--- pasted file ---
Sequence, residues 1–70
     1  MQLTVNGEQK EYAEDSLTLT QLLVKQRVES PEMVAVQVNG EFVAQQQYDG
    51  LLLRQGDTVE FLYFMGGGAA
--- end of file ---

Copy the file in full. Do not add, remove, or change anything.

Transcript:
Sequence, residues 1–70
     1  MQLTVNGEQK EYAEDSLTLT QLLVKQRVES PEMVAVQVNG EFVAQQQYDG
    51  LLLRQGDTVE FLYFMGGGAA